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Jesse J. Prinz [49]Jesse Prinz [48]Jessej Prinz [1]
  1. Jesse Prinz, Emotion and Aesthetic Value.
    Aesthetics is a normative domain. We evaluate artworks as better or worse, good or bad, great or grim. I will refer to a positive appraisal of an artwork as an aesthetic appreciation of that work, and I refer to a negative appraisal as aesthetic depreciation. (I will often drop the word “aesthetic.”) There has been considerable amount of work on what makes an artwork worthy of appreciation, and less, it seems, on the nature of appreciation itself. These two topics are (...)
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  2. Jesse Prinz, Can Critics Be Dispassionate? The Role of Emotion in Aesthetic Judgment.
    “A sentimental layman would feel, and ought to feel, horrified, on being admitted into [an expert art] critic's mind, to see how cold, how thin, how void of human significance, are the motives for favour or disfavour that there prevail.” Thus writes William James (1884: 202). The art-world is dominated by critics who sneer and sentimentality, resist evocation, and issue stale, dispassionate appraisals. Memorized standards are coolly deployed to scan works for the features that are currently in fashion, before (...)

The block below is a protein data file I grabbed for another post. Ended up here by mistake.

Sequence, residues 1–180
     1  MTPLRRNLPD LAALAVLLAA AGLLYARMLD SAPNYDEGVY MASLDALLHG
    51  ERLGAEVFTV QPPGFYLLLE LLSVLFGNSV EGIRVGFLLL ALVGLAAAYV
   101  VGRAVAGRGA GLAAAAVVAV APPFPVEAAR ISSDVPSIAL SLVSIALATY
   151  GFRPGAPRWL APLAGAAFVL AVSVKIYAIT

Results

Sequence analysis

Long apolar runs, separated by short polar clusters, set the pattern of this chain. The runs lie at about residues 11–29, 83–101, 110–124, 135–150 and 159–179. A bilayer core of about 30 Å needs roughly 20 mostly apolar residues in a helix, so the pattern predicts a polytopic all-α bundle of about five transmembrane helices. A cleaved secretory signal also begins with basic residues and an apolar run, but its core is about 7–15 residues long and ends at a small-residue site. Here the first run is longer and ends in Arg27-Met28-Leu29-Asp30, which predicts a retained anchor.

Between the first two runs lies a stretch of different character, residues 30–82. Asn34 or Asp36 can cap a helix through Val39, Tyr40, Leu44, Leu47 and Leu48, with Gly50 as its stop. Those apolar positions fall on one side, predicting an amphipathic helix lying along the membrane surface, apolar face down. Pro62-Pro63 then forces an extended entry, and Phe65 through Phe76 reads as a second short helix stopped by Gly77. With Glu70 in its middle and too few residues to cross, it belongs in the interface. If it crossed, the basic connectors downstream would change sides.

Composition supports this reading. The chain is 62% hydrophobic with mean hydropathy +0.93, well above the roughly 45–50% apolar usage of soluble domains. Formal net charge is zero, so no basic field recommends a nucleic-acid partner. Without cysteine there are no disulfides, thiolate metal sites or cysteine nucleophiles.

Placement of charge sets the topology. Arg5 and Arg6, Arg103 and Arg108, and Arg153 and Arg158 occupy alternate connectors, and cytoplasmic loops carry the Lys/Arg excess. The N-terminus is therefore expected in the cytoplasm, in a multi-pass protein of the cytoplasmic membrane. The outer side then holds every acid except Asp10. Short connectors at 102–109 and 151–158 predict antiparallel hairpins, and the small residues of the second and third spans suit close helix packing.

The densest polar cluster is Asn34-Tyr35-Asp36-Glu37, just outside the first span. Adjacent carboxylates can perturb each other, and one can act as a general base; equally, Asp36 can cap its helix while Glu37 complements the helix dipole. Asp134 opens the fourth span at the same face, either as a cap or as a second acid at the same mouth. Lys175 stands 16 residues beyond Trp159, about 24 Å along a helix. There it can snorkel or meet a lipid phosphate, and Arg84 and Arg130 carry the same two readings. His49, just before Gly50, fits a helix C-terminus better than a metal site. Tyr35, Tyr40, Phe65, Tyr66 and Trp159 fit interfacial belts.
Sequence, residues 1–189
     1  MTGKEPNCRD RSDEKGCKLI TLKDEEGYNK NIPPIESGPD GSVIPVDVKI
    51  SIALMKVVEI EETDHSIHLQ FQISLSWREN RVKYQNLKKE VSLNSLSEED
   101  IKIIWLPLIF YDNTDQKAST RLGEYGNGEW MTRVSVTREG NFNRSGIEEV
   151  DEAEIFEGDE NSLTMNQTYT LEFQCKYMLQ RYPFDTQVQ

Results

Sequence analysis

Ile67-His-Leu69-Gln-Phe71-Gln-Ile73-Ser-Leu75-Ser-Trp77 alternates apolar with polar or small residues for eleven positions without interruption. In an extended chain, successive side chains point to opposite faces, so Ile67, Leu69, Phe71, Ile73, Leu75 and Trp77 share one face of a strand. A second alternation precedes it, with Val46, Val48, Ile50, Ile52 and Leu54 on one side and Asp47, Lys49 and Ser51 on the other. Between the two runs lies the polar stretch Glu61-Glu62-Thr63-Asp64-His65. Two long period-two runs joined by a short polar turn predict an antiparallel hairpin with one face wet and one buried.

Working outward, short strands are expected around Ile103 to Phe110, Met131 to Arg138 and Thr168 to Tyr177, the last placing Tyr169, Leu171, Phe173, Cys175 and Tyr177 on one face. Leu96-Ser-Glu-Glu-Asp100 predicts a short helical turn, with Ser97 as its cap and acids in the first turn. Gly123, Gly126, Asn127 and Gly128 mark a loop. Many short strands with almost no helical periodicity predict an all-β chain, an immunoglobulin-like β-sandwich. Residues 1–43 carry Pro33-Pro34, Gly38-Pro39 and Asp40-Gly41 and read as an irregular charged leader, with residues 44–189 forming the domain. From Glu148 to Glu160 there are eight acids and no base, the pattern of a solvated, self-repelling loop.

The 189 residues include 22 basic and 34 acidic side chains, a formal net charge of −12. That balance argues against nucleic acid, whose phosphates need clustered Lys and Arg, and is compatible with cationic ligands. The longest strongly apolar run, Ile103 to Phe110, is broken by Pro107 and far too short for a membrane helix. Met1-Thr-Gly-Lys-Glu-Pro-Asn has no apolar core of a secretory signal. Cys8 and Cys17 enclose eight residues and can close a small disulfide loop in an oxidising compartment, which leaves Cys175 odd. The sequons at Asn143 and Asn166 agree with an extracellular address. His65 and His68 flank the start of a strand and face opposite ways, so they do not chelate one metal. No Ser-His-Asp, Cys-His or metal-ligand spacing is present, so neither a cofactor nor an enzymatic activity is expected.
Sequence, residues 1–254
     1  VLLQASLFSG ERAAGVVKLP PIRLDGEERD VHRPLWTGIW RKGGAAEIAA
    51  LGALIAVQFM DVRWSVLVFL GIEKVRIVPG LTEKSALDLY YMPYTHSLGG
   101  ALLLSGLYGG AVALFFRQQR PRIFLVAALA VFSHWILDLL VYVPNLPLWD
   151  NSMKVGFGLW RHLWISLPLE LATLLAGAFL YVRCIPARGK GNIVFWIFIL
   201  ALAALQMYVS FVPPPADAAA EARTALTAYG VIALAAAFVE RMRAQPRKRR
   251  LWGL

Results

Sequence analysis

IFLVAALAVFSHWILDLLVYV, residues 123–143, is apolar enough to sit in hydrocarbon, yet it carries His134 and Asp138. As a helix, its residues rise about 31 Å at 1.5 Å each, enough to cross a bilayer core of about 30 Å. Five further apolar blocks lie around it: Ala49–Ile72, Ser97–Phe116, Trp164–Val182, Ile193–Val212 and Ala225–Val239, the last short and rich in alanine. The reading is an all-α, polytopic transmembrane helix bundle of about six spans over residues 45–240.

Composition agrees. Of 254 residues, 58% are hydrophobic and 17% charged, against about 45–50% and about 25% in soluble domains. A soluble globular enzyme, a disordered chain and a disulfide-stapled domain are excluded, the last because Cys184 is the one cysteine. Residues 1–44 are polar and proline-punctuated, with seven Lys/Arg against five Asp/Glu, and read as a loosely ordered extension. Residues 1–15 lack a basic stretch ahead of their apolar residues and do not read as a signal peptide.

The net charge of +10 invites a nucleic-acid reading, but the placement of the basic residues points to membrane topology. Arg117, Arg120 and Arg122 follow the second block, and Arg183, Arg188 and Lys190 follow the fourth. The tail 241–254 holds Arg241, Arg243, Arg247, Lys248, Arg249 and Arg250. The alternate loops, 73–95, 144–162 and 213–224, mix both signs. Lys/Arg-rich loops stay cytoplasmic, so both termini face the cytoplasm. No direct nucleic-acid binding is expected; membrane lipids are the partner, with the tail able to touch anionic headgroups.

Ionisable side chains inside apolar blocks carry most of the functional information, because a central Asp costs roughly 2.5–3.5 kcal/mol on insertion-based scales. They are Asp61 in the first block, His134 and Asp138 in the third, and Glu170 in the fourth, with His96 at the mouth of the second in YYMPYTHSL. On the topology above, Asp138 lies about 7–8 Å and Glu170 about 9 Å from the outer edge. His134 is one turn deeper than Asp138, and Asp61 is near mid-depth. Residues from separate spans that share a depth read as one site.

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  3. Jesse Prinz, Mental Pointing.
    It is one thing to have phenomenal states and another thing to think about phenomenal states. Thinking about phenomenal states gives us knowledge that we have them and knowledge of what they are like. But how do we think about phenomenal states? These days, the most popular answer is that we use phenomenal concepts. Phenomenal concepts are presumed to be concepts that represent phenomenal states in a special, intrinsically phenomenal, way. The special nature of phenomenal concepts is said to be (...)
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  4. Joshua Knobe & Jesse Prinz, Experimental Studies of Intuitions About Consciousness: Methodological and Statistical Details.
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  5. Jesse Prinz, Is Morality Innate?
    Thus declares Francis Hutcheson, expressing a view widespread during the Enlightenment, and throughout the history of philosophy. According to this tradition, we are by nature moral, and ourS concern for good and evil is as natural to us as our capacity to feel pleasure and pain. The link between morality and human nature has been a common theme since ancient times, and, with the rise of modern empirical moral psychology, it remains equally popular today. Evolutionary ethicists, ethologists, developmental psychologists, social (...)